We’re pleased to share more delightful memories of the Library from alumni. Some are still returning to do a spot of quiet work, and others wish they could. Described as an ‘essential-to-visit place’ and a ’place much loved’ this is every bit true in 2018 as it was in earlier decades. The Library continues to provide a warm welcome and receives around 1.5 million visits and over 6 million digital visits each year.
‘This was my favourite spot – what a gorgeous view. Those were the days.’ Penny (4th year French language UG). 27 October 2014
“I remember the Library as an essential-to-visit place and regarded it with reverential awe. There was a quiet, efficient order to the place where everybody whispered and said ‘Thank You’ even after paying the fine for late return of borrowed books! I discovered the EPW [Economic and Political Weekly] there and wondered, how come being from India I hadn’t even heard of this ‘genius in print’ before? Anyway, our course made us read and refer to EPW frequently and I think one of the gifts I took away from the Library was a lifelong addition to this weekly. There was much photocopying to be got done, the money for which was ill-advisedly given to us in one go at the beginning of the course, and soon vanished in more urgent calling (and need) for evening beers after a whole day of rural development many of us never knew ‘existed’! To cut corners we formed a little group of four, in similar circumstances, and so shared the photocopied burden. The Library was a good place to soak in the winter sun if one luckily got a ‘window’ seat! I do not remember if one was allowed to take coffee or snacks inside, but I hope this is permitted now?”
Vinay (Masters in Rural Development 89-90)
Derek helped build the first extension, 1974.
“Having completed a successful year in CHE, I started again at UEA in EUR in 1972. Hence, I was still at UEA in 1974 when the extension was started. Coincidentally, my vacation job that Summer was with RG Carter who had the contract to extend the library and I spent several weeks helping to create the new building.”
Derek (CHE & EUR, 71-74)
Many people make many different contributions to UEA but not many students can say they have actually contributed by helping to erect the university buildings! Thanks Derek.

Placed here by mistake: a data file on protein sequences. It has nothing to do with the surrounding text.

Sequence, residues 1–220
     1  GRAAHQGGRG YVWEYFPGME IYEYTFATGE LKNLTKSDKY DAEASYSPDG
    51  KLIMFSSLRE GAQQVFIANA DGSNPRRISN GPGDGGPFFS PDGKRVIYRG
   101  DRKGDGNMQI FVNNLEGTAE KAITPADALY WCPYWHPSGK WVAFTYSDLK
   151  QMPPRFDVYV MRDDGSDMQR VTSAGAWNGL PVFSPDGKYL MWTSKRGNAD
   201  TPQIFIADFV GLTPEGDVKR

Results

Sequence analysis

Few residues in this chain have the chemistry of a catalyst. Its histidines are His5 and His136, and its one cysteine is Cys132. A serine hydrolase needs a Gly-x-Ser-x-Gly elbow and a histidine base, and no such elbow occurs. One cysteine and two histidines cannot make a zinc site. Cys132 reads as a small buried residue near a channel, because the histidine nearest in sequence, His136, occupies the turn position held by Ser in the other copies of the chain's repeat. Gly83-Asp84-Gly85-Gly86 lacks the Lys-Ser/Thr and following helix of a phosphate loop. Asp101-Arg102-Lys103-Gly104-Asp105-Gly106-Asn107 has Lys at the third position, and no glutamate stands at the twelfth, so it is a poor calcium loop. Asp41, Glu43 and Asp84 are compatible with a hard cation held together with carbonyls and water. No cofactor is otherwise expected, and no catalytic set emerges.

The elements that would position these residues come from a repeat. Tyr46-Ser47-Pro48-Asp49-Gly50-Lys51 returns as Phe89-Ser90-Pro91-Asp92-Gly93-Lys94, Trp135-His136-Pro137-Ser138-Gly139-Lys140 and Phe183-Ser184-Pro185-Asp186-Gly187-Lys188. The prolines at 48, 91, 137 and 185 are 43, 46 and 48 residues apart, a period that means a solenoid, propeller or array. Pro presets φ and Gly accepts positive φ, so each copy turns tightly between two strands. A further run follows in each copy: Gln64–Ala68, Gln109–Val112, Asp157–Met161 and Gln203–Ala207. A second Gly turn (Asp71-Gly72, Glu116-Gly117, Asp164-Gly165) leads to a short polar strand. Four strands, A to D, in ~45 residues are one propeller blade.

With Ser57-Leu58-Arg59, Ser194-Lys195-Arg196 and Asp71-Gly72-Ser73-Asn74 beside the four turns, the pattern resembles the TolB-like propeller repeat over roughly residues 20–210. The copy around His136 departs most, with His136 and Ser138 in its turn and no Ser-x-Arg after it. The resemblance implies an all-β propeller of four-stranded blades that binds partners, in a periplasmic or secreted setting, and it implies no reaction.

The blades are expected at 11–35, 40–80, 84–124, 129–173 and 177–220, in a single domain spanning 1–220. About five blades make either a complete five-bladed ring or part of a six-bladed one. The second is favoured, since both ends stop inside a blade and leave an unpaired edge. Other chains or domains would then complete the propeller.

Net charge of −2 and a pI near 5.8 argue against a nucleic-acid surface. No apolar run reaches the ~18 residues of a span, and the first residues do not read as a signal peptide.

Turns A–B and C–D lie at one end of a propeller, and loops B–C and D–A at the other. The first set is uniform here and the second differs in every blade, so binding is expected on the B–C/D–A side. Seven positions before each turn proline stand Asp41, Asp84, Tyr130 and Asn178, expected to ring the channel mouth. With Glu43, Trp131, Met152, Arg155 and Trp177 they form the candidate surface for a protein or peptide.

“I loved using the library for studying. I would book a carrel overlooking the lake and set myself up for the day. Being able to lock the space meant I could enjoy lunch down in the Bowl before ambling back up to my “office” to carry on.
More recently, I’ve occasionally used the same quiet, distraction-free atmosphere to work on scheduling the timetable for the school where I work!”
Simon (EUR 98)
“Coming to UEA as a mature student with a long track record of academic failure, the library mainly intimidated me. It took some getting used to but eventually became a regular refuge. What I most remember – and treasured at the time – was holing up in one of the airless basement rooms with one or other of the BBC Shakespeare videos and a notepad. Yup. Not even DVDs in those days. Having access to high-quality performances of the plays, on demand, was a priceless resource as I attempted to get my head around the enormity of King Lear, for example. [Grateful to] Michael Hordern [actor] and the fact that someone at UEA had the wisdom to acquire the tapes in the first place. And Tony Gash [Snr Lecturer, LDC] for his endless generosity. Thank you.”
Nick (EUR 89 and EAS 90)
“Just to lower the tone …
I remember one lad putting an item in the student newspaper of his first impressions of UEA: ‘Library loos at UEA are made for lads with egg-shaped ar**s!’ The seats were indeed an unusual egg-shape.
Exhibitions were held throughout the 70s and 80s. From Human Clay (1977) to Modern British Photography (1980)
I recall one of the porters on duty, a short, older man, who would regale us in the quieter evening hours with tales of his time in the military police; he was amiable enough, but you didn’t mess with him and try and smuggle books out illicitly!
I also recall some very colourful art exhibitions on the ground floor.
Oh, and I think they had one or two books, but usually the ones you wanted were out!”
Graham (SOC 69-72)
“UEA library was a great library, very welcoming. Especially so when the book on the shelf, the one I wanted to read, had uncut pages (as some European books were bound this way at the time).
I’m sure spending as much time in the library as I did contributed to my choosing a career as a librarian, first in London, then in Solomon Islands and Fiji. My work in Fiji took me to nearly all Pacific island countries and territories, where I carried out training and provided advice on agricultural libraries.
Anyway, I recall that there were some unusually witty graffiti artists in and around the library at the time (1974–1978):
- The wit who wrote on one of the concrete pillars outside, ‘Grey matter’
- The wit who drew two squares, side by side, on their ends, on the toilet cubicle wall, with the comment ‘Balls to Picasso’
- And the same wit, probably, whose comment on the toilet paper that was not just an off-white colour, but had a distinct yellow tinge, ‘I’ve heard of recycling but this is ridiculous'”
Peter (EUR 74)
Constructing the Library extension in 2004
“I have such fond memories of revising for my finals in Spring/Summer 2004. There was a lot of building work taking place on campus at the time, and I found it provided the perfect white noise focus soundtrack for my revision. I loved sequestering myself in one of the study cubbies, or working with a view over campus from the top floor.”
Graham (BIO 01-04)
Share your memories of the Library with us email@example.com